by Rabbi Jared H. Saks
In the opening verses of the Torah portion T’rumah, God instructs Moses to speak to the Israelites so that they will collect for God, from each person whose heart is moved, gifts that will help to construct the Mishkan, the portable wilderness sanctuary. Rabbi Samson Raphael Hirsch, the 19th century German Orthodox rabbi, asks why the text says that the Israelites should take the gifts for God, instead of God having said, “bring Me gifts.” The rabbi teaches, “The gift should not be given directly to God; rather, the gift of each individual should be made to the community for God’s purposes. This implies that it is not the individual but the community that is to set up the institutions dedicated to God’s purposes, and it is not for the individual donors but for the community as a whole that these institutions are to be established.”
This is a key concept of Jewish life. While individualism matters in Judaism, it is the community that takes precedent; that is one of the indications that Judaism has roots in Eastern philosophy. We have communal redemption, not personal salvation. Additionally, this text is one of the sources for Bet Ha’am’s annual financial commitment, machazit hashekel and nediv lev. Nediv lev (generous of heart), which appears in the opening verses of Parashat T’rumah as yidvenu libo (“whose heart is moved”), is the notion that each Israelite contributed to the construction of the Mishkan a heartfelt gift.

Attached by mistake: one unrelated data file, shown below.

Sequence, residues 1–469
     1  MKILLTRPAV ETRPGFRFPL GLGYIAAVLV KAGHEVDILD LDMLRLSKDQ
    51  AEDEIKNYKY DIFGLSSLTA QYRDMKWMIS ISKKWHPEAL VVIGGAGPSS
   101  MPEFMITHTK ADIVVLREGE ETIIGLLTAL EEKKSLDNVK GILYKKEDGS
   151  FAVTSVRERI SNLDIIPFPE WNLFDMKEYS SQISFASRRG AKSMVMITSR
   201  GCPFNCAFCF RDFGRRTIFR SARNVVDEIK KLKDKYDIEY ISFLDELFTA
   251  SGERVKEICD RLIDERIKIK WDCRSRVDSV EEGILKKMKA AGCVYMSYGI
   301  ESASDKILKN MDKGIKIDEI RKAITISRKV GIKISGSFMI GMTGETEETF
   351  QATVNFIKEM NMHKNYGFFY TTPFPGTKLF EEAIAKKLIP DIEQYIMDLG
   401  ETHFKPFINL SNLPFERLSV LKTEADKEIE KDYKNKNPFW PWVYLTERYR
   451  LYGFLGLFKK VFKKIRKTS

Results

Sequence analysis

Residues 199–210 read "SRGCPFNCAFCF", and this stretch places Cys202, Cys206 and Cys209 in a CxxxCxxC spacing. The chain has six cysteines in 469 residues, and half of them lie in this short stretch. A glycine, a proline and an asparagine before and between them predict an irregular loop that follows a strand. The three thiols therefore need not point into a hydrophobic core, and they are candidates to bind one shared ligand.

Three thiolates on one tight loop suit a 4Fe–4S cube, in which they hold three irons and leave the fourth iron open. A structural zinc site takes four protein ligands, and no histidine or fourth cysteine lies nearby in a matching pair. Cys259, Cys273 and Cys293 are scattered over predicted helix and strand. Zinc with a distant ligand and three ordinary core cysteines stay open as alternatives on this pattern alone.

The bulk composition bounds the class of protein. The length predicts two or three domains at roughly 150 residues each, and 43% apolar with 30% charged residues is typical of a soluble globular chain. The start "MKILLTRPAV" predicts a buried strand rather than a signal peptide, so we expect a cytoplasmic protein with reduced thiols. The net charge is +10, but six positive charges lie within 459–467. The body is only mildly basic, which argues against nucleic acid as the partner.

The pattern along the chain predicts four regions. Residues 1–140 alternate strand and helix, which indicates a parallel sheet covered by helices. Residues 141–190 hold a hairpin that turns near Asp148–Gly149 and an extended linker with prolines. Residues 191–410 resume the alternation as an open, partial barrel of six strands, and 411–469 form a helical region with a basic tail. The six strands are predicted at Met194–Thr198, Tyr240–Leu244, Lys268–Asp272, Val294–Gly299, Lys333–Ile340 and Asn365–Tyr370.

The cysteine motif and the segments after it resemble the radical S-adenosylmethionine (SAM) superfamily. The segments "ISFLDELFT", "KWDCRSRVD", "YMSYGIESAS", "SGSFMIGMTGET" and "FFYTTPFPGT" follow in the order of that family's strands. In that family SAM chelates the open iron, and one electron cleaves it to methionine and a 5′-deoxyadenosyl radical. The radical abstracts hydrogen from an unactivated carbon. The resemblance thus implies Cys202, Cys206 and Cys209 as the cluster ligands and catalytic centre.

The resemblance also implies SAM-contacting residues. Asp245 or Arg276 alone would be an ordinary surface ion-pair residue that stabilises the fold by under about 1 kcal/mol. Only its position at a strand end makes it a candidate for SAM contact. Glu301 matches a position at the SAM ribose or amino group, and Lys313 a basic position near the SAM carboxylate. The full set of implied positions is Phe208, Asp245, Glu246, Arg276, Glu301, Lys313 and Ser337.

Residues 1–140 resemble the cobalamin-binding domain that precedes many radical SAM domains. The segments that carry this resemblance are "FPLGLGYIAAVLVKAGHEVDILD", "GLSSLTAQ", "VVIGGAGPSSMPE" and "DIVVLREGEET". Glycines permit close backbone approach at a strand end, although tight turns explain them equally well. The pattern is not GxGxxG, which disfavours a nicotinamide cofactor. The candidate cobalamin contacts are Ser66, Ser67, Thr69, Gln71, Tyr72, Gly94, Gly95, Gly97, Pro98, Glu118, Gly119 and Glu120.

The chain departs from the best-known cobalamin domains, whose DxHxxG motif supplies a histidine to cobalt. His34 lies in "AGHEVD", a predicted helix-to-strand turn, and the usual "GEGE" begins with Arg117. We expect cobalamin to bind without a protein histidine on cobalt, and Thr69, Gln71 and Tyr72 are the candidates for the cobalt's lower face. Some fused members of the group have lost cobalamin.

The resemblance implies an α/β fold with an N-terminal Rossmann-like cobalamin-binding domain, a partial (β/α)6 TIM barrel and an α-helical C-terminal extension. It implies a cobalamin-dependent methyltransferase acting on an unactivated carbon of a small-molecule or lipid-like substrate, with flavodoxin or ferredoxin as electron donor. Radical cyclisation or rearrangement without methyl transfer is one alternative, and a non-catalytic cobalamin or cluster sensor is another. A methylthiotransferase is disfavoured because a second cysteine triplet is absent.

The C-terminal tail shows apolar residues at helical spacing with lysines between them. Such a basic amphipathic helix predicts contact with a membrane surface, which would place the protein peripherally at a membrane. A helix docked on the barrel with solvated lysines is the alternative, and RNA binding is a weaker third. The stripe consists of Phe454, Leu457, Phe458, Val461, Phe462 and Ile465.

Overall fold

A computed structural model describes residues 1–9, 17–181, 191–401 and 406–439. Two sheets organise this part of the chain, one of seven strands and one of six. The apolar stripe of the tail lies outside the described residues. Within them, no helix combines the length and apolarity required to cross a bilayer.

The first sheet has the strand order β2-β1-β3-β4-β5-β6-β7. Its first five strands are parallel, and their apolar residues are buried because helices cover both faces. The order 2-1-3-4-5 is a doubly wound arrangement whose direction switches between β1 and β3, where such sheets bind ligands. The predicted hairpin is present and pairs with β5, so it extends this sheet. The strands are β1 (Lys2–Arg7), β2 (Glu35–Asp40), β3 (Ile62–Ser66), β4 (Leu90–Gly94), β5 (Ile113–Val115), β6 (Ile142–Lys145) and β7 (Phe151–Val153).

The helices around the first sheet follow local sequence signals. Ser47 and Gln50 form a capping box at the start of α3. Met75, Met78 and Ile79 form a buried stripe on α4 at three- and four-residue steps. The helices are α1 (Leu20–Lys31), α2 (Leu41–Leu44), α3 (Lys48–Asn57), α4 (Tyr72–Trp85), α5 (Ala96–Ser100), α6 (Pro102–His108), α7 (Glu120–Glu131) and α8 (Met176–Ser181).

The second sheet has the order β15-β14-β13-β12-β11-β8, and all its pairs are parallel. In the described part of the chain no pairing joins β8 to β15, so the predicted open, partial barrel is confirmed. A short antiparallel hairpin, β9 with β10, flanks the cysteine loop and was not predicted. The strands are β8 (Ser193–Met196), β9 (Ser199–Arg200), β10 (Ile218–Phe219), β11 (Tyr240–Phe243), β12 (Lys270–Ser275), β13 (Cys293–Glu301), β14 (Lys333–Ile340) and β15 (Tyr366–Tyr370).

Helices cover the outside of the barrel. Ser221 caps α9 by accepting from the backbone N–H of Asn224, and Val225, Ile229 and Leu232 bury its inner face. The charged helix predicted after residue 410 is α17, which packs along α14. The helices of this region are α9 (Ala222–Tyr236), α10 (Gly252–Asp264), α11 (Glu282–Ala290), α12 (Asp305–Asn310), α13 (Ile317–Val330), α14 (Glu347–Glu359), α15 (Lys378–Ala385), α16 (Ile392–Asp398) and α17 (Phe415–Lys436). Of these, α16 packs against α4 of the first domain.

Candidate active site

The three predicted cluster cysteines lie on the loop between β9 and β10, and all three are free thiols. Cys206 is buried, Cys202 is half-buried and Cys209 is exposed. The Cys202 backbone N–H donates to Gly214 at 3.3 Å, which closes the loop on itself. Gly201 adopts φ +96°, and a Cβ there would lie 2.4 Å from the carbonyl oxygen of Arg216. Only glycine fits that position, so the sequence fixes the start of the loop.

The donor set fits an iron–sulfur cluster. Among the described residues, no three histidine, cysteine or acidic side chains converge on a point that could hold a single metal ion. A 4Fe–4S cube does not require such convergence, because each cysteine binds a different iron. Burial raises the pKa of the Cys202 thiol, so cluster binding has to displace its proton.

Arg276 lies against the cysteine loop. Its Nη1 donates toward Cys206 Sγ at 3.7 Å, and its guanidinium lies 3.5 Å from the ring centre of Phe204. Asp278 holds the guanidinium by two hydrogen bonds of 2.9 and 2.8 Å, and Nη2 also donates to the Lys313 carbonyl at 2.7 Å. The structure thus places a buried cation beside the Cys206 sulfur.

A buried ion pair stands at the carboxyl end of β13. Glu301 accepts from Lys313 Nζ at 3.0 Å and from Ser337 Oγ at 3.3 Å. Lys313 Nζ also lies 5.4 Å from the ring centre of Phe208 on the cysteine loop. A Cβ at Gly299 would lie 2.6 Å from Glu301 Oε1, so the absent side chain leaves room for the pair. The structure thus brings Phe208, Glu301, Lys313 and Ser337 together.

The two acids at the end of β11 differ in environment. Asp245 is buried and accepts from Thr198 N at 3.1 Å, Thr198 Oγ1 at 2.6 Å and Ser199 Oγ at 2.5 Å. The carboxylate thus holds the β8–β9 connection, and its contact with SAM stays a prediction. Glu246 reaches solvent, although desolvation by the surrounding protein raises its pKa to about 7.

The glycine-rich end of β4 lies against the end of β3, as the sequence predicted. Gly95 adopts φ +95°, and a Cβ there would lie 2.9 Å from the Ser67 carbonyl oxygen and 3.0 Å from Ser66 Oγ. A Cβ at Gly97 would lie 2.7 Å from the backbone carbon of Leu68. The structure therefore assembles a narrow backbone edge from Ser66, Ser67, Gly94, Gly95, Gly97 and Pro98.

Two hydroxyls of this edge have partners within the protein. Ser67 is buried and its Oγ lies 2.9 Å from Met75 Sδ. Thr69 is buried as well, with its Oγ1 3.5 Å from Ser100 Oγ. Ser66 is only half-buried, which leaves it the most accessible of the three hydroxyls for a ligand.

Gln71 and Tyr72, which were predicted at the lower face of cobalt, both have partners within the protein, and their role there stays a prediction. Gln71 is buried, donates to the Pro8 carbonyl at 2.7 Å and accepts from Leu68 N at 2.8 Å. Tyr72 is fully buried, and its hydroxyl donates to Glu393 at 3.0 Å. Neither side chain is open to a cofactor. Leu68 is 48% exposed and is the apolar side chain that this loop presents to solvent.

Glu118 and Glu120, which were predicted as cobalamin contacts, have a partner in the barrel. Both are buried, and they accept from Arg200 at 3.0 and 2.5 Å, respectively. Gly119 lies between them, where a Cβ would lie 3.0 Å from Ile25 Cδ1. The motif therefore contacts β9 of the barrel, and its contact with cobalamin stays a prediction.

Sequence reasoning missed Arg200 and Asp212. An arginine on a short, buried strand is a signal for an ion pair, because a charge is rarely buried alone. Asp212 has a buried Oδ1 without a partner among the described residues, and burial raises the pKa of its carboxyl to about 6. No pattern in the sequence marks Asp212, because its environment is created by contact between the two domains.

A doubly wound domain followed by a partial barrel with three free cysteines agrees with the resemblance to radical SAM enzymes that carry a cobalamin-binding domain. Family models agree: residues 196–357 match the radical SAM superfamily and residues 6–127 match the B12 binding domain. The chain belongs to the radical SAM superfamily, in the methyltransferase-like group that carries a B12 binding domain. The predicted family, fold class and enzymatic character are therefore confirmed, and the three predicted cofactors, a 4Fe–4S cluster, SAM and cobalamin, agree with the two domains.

Tradition tells us that so much was brought that Moses had to call off the collection. Today, members of Jewish communities like our own generously fund the community so that we can not only serve one another and the general community, but also fulfill God’s mission for us in the world, honoring God through our work. Generosity of heart has been a cornerstone of Judaism since its earliest days. Since the time of the Mishkan, God has designated the community as the beneficiary of its members’ generosity so that we can bring God’s light into the world.